Rachel Shteir

The virtues of this collection are overshadowed by Lepore’s campaign against popular historians.

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Get Real

Sincerity is not one of those philosophy books that bursts into a self-help manual. Magill has written a dense and intriguing cultural history, teasin

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The Sufferings of Young Werther, a heartbreaking, irritating, and occasionally funny semi-autobiographical epistolary novel about a young man’s

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I adore Crazy Horse, Frederick Wiseman’s documentary about the Crazy Horse Saloon, the Parisian nude revue putting on a show called, appropriately, “Desirs.” Like many of Wiseman’s earlier films, this one uses shadows to illuminate its subject—in this instance, the intense anguish and the fantastical, melancholy, delicious illusions underlying carnal love.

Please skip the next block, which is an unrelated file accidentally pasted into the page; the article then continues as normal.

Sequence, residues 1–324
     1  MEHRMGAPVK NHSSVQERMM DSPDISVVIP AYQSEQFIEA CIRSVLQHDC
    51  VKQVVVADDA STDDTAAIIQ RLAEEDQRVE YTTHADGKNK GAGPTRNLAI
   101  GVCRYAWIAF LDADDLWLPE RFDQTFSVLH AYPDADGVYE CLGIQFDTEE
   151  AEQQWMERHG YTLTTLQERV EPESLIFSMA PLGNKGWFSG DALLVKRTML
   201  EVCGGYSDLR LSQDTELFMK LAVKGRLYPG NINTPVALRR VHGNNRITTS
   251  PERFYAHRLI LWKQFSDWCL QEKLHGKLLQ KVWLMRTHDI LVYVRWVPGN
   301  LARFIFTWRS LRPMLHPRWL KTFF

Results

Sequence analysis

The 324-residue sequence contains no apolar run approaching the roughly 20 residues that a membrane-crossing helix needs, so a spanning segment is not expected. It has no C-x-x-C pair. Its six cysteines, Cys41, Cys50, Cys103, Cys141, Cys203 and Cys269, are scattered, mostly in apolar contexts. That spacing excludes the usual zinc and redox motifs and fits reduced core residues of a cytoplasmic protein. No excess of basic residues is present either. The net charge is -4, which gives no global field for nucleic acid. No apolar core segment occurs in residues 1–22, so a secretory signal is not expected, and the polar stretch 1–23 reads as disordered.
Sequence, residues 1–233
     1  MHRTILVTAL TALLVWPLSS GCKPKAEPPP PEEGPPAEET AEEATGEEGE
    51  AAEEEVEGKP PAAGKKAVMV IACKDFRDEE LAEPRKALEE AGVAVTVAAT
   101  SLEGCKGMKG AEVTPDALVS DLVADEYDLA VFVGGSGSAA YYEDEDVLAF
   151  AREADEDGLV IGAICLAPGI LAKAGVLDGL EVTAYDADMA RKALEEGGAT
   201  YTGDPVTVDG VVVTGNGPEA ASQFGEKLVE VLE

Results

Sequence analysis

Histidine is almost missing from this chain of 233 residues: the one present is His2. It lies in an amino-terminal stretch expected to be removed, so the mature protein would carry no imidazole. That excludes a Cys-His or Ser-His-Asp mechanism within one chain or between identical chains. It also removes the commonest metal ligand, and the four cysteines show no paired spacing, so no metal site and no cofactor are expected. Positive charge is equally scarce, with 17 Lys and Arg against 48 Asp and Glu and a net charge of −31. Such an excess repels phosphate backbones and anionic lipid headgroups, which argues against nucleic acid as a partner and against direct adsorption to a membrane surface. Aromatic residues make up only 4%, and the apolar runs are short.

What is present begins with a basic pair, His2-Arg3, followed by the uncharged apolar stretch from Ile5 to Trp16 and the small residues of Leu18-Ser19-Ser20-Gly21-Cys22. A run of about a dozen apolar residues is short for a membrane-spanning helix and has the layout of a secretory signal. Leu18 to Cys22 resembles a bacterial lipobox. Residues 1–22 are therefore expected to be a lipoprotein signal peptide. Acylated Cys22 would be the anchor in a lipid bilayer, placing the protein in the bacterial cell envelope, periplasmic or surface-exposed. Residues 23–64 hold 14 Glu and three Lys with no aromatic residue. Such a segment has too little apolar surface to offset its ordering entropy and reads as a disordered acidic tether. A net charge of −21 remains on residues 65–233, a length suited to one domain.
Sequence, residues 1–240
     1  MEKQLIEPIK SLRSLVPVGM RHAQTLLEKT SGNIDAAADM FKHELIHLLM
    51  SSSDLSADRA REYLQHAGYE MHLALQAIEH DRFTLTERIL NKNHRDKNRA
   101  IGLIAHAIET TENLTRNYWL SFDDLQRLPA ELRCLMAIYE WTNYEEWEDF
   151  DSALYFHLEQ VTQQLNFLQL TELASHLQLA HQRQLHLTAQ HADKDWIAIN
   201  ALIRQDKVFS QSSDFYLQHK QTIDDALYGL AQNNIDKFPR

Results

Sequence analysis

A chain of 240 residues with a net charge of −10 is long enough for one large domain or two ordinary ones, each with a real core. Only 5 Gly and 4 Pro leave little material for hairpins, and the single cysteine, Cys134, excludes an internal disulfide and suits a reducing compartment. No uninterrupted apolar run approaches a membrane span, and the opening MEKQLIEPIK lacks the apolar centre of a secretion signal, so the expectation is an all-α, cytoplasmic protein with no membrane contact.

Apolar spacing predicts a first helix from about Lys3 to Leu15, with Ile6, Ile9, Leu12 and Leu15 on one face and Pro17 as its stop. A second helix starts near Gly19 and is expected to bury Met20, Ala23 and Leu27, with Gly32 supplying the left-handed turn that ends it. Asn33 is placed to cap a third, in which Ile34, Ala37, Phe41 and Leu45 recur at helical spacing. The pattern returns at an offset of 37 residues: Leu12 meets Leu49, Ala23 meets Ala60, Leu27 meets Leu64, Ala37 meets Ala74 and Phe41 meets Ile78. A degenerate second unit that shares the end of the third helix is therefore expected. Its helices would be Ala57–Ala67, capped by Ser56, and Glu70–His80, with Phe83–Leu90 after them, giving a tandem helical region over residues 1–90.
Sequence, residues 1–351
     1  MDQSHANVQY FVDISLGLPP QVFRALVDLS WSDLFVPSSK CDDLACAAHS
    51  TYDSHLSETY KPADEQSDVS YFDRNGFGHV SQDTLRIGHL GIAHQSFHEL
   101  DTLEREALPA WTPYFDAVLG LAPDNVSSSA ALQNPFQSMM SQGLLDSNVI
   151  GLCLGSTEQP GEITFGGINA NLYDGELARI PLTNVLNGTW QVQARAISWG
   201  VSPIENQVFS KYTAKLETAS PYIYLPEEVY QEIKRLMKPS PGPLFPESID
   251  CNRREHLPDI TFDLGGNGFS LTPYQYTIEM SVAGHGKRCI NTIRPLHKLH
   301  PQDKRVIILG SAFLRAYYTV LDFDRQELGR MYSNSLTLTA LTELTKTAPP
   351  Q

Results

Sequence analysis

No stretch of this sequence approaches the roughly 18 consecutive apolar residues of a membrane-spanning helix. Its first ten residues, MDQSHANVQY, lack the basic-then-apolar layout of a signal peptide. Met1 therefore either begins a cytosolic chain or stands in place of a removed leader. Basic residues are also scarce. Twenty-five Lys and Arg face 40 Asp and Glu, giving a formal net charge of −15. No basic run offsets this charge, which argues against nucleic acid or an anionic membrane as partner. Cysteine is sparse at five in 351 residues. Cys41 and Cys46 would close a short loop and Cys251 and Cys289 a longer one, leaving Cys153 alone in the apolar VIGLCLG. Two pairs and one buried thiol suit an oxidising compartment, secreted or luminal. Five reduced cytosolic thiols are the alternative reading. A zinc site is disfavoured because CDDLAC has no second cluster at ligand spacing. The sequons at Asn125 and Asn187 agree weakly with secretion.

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Frequency Hopping

Hedy’s Folly avoids the pitfalls of other books about Lamarr, starting with the star’s own memoir, Ecstasy and Me. These volumes ultimately fail to ca

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The Good Wife

Before there were desperate housewives, real housewives, and Good Housewives, there were witty housewives. Or there was one, anyway: Myrna Loy, whose

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Peter Toohey has written this short book defending drudgery. Dismissed in the past because it is not a big, passionate emotion like love or hate, bore

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The Call to Service

Butterfly’s Sisters is obsessed with how Western reformers, writers, and artists confuse prostitutes and geishas. Much of the book outlines how this c

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